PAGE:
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Dressler was born in London and studied sculpture at the Royal College of Art. He was later influenced by the Arts & Crafts Movement. He worked in partnership with Harold Rathbone between 1894 and 1897 at the Della Robbia Pottery, and then moved to Marlow Common in Buckinghamshire, where he established the Medmenham Pottery specializing in architectural tiles and large wall panels, created from small sections. The business was financed by Robert William Hudson until 1906 when it changed into the Dressler Tunnel Ovens Ltd, the Medmenham tile designs continued to be made by J. H. Barratt of Stoke-on-Trent. Dressler designed an industrial level tunnel kiln for the English pottery industry, for which he was awarded the John Scott Medal of the Franklin Institute. Later he lived in Paris and the United States. He died at Saint-Brévin l'Océan, Loire, France.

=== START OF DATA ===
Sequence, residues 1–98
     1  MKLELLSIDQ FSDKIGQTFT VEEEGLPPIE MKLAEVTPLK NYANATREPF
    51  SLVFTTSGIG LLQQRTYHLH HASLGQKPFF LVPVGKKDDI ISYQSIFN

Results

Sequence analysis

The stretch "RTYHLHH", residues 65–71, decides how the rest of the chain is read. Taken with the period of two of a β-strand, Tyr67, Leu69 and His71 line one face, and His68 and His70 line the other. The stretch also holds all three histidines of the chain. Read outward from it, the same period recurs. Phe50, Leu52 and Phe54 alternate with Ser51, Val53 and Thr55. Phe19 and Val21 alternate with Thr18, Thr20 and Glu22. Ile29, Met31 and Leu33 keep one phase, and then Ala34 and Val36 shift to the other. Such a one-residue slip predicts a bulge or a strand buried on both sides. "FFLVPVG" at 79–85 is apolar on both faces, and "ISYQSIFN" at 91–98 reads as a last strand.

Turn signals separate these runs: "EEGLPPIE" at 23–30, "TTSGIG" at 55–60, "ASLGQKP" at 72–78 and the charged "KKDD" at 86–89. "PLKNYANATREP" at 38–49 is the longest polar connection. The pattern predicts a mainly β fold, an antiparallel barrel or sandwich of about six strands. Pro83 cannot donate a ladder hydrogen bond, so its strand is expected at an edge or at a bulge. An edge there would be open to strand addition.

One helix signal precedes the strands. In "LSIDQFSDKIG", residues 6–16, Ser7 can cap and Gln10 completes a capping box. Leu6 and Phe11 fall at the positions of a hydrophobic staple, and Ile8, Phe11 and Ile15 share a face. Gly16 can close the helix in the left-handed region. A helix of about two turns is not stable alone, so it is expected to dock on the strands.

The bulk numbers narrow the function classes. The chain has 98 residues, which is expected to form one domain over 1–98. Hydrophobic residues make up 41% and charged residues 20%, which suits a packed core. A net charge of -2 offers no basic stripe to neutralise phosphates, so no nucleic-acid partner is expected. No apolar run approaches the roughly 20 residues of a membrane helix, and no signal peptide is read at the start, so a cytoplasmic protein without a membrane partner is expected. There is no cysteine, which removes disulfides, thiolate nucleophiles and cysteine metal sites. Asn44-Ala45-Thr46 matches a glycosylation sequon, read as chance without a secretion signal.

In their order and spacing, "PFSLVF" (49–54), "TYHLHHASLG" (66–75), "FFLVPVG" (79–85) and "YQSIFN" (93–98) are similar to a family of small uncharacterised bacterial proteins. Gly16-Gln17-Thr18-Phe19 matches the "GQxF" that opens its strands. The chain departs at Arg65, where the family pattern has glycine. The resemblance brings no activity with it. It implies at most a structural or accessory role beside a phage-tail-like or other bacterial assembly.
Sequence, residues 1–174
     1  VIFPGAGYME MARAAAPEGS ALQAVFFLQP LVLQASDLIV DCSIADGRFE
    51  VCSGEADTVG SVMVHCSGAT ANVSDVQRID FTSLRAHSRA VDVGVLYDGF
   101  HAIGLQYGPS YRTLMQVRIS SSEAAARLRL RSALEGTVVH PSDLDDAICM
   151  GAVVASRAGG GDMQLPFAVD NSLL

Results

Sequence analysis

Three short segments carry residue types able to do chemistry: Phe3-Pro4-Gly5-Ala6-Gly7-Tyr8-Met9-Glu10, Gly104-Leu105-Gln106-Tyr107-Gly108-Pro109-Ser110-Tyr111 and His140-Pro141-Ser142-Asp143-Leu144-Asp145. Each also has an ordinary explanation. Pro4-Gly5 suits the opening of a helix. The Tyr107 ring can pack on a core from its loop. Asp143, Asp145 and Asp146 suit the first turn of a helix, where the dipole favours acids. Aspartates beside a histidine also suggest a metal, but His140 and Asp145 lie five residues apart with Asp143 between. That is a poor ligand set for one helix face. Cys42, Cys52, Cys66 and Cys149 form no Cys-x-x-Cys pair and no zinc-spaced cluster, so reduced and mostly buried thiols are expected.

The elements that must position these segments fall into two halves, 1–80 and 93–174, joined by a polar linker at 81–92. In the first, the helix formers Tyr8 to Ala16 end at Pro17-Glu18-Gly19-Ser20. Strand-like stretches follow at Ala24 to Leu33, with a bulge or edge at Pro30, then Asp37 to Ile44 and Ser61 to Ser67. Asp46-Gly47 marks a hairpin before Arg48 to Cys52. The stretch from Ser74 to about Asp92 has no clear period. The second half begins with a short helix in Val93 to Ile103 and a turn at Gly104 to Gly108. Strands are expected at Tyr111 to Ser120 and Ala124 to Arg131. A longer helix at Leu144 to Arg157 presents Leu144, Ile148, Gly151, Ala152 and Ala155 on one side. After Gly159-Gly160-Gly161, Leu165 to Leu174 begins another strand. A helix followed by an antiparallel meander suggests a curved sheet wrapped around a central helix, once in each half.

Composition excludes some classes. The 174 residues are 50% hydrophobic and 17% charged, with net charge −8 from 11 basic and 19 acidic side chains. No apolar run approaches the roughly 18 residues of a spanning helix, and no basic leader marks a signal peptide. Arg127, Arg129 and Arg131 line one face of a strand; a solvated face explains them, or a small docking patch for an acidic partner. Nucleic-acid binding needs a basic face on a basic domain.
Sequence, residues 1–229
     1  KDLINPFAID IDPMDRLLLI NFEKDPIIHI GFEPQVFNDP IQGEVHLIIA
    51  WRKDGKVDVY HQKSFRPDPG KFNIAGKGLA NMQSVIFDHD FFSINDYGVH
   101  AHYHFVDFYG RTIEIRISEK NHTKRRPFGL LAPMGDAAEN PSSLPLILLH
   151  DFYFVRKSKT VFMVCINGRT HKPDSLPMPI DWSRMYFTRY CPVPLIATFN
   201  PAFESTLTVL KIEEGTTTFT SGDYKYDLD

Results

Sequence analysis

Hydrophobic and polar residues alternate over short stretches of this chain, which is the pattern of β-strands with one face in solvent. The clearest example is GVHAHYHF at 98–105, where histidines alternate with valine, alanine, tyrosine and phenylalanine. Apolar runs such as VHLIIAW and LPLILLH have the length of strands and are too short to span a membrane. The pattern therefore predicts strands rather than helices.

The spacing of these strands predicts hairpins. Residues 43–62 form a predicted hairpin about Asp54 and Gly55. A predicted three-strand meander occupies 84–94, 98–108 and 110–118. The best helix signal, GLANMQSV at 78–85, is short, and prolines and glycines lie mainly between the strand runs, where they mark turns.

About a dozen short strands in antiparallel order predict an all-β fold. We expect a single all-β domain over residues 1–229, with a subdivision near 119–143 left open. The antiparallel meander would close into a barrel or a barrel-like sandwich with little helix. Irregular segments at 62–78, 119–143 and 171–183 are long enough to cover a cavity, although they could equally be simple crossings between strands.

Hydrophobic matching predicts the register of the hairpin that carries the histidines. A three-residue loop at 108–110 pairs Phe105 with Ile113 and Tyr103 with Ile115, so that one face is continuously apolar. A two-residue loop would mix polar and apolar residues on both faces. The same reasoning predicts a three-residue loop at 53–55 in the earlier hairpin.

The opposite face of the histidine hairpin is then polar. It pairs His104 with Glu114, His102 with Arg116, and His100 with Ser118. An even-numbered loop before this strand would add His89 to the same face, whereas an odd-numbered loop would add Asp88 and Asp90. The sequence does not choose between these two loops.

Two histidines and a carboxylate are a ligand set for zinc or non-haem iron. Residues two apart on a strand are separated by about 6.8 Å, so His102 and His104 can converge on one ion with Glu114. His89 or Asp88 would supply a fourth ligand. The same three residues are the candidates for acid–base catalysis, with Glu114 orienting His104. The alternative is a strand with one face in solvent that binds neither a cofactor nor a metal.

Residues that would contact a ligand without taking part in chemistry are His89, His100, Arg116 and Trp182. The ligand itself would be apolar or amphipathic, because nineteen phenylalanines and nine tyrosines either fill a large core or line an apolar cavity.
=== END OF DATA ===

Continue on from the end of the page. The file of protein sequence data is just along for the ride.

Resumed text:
|Wikimedia Commons has media related to Conrad Dressler.|
- The Sower, by Dressler
- Lupercalia by Dressler, front view - Flickr photo by Sheepdog Rex (Rex Harris)
- Sculpture Room at Walker Art Gallery (Lupercalia by Dresssler, right view, is at left of photo, backlit and partly obscured by lens flares) - Flickr photo by SomeDriftwood (Arthur John Picton)